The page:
Overkill in overdrive: Canada halts, then resumes seal massacre

From ANIMAL PEOPLE, May 1996:

The good news was that on April
12, a month early, the Canadian Department
of Fisheries and Oceans halted the bloodiest
seal massacre since 1983, claiming––
though few believed it––that the quota of a
quarter million harp seals had been filled.
The bad news was that on April 16
the DFO told the sealers that it had overcounted,
and to go kill another 60,000.
At that, Canadian Sealers Association
executive director Tina Fagan said her
members might ask for an additional quota of
37,000. Newfoundland fisheries minister
John Efford said the additional quota ought to
be 150,000.

Newly elected Newfoundland premier
Brian Tobin just enjoyed the spoils of
having given Canada’s least educated, most
welfare-dependent and most resentful
province an animal to blame, instead of
Tobin’s own policies in his former post as
federal fisheries minister, for the likelihood
that the cod stocks Newfoundlanders and others
fished to the verge of extinction during the
1980s and early 1990s won’t be commercially
fishable again in what remains of this century,
or in the first decade of the next century.
The seal slaughter was stimulated
this year by ice conditions favoring sealers,
for the first time in years, as well as by sig
nificant federal and provincial make-work subsidies
that raised the price paid for seal meat from 20¢ per
pound to 27¢ a pound. As in past years, however,
when there were no visible markets for the remains of
many fewer seals, real demand for seal products was
scarce. Despite DFO claims that pelt prices were
averaging $20, up from $16 last year, the price list
circulated by the primary buyer, the Carino Company
Ltd., showed $20 as the very top price paid for any
type of harp seal.
Prices of $20 or more were offered for five
types and grades of hooded seal. That may be why
the sealers this year killed 16,000 hooded seals, twice
the hooded seal quota. The hooded seal hunt was
officially stopped several days before the false stop to
the harp seal hunt––but when Arthur Cady of the
International Fund for Animal Welfare suggested
that, “Somebody should be asking some serious
questions about this and the government’s inability to
control what’s going on,” DFO Newfoundland director-general
Lorne Humphries insisted the hooded seal
population could withstand the killing of even 24,000.
The DFO emphasized damage control
throughout the hunt. According to the Canadian news
magazine M a c l e a n ’ s, the provincially funded Nova
Scotia School of Fisheries in Pictou even devoted half
of a two-week course on sealing for would-be sealers
to “communications.”
Yet, information reached reporters about
other apparent instances of the government losing
control. Reported Katheryn King of the CBC on
April 4, “The DFO isn’t saying anything much about
a series of seizures it conducted today in the seal harvest.
It sent out a statement this morning saying it
had obtained search warrants and was seizing pelts
and records. It’s investigating possible violations of
the Marine Mammals Act. People on the Northern
Peninsula say the DFO is seizing records and pelts
regarding blue black-hooded seals. They say a buyers’
house in St. Anthony was raided this morning
and his receipts taken. There are also rumors that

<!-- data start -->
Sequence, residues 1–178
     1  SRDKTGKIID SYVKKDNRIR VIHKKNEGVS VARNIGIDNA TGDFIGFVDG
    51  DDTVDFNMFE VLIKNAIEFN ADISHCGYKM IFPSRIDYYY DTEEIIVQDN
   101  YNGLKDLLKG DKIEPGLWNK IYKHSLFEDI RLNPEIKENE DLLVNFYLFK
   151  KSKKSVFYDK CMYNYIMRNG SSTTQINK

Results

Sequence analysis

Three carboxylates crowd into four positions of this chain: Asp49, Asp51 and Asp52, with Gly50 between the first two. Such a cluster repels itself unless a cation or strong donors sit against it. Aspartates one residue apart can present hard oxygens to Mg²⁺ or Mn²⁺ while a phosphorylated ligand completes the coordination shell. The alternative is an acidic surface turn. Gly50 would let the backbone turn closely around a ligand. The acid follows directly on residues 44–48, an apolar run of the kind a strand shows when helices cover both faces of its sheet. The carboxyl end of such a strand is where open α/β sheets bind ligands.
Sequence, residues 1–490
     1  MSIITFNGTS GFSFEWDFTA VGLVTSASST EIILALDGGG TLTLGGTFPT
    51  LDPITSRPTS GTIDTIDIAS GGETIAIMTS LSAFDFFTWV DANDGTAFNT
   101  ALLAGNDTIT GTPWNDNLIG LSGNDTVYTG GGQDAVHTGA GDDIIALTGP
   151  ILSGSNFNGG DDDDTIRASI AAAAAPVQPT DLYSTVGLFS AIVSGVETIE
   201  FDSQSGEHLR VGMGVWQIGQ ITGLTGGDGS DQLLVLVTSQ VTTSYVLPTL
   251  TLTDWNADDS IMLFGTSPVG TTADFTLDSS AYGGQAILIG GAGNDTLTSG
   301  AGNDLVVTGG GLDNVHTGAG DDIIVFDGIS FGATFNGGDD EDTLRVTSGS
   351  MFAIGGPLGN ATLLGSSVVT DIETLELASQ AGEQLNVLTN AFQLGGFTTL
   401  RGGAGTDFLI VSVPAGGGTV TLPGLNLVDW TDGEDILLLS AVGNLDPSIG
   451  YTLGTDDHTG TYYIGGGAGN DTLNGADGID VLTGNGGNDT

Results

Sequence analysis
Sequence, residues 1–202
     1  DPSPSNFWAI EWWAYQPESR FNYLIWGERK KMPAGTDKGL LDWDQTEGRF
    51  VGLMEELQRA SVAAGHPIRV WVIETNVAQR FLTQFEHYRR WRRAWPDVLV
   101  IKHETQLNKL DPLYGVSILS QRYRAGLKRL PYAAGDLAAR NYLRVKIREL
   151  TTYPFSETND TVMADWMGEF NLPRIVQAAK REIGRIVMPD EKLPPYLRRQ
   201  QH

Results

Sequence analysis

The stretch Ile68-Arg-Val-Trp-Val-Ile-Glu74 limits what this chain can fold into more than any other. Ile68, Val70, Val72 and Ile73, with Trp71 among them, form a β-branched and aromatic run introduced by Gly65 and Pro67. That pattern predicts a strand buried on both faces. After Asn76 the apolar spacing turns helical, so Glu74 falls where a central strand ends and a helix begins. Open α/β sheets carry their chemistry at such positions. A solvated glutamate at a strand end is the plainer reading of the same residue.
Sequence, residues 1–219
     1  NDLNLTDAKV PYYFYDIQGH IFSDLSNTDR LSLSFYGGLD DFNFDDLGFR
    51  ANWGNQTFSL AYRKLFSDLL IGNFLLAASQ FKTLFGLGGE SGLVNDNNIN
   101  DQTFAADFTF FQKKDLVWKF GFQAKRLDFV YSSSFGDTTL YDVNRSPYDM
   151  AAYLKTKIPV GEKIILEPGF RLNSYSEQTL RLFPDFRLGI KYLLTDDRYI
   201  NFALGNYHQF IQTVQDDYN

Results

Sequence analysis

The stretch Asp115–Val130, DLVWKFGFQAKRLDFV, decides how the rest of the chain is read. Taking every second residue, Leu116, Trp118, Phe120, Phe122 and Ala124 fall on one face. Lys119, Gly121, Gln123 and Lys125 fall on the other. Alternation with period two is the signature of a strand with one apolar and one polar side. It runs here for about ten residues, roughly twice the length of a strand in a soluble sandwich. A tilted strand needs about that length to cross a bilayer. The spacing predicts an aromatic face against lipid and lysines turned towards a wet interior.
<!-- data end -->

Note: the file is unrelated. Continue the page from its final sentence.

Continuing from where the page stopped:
some 10,000 to 12,000 pelts have been taken and that
the [seal-processing] plant in Dildo was raided.”
DFO figures on the seal hunt generally
raised suspicion. On March 30, for instance, less
than two weeks before the brief closure, the official
seal toll stood at 69,224. Lisa DiStefano of the Sea
Shepherd Conservation Society told ANIMAL PEOPLE
that although she and Sea Shepherd captain Paul
Watson overflew parts of the sealing area repeatedly,
she saw little chance that the count could have gone
markedly higher. “The ice is gone and the seals are in
the water,” DiStefano continued. “Even where we
did see ice, we didn’t see a lot of bloodstains where
seals had been.”
Brushing seals
Watson and DiStefano eschewed protest
again this year, for the third year in a row. “We
didn’t even contact any media,” DiStefano said.
Instead, Watson and DiStefano established a base of
operations on Prince Edward Island, where growing
potatoes has always been bigger than killing seals,
and then took German millionaire entrepreneur
Tobias Kirchoff and Reinhard Ollic of the Origo
mail-order fashion house out to the ice to witness
seal-brushing. In 1994 Watson and DiStefano tested
the brushing technique, finding that molting seals at
the beater stage welcome the attention. Last year they
tried to interest the sealers of the Madeleine Islands in
seal-brushing, only to be attacked by a mob. This
year they brushed enough seal wool to enable
Kirchoff and Origo to spin sample garments.
Watson’s belief is that just as soon as
enough people take up brushes and combs instead of
seal-clubs and guns, seal wool can be gathered in
enough volume to become the basis of a cruelty-free
industry far more lucrative than sealing ever has been.
The wool is water-resistant, he points out, lightweight,
and is a thoroughly renewable resource.
Logically the Canadian government should
be interested, having poured millions of dollars into
other forms of job creation in Atlantic Canada, ranging
from subsidizing sealing to building DeLorean
sports cars. But seal-brushing doesn’t suit the selfimage
of sealers, or give them an outlet for their
impotent rage at being left behind by the 20th century,
with little hope of making up ground in the 21st.

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